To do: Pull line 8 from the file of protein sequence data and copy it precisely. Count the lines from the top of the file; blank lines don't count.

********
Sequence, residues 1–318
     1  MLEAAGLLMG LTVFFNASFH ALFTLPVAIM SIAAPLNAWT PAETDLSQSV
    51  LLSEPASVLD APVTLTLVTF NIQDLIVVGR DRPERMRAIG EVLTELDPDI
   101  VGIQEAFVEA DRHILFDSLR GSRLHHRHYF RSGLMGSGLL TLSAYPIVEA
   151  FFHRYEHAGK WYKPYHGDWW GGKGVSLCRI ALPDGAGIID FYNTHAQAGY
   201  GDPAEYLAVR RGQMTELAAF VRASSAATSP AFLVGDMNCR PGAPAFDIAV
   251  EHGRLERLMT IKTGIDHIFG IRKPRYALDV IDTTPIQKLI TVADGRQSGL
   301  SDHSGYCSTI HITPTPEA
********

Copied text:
   301  SDHSGYCSTI HITPTPEA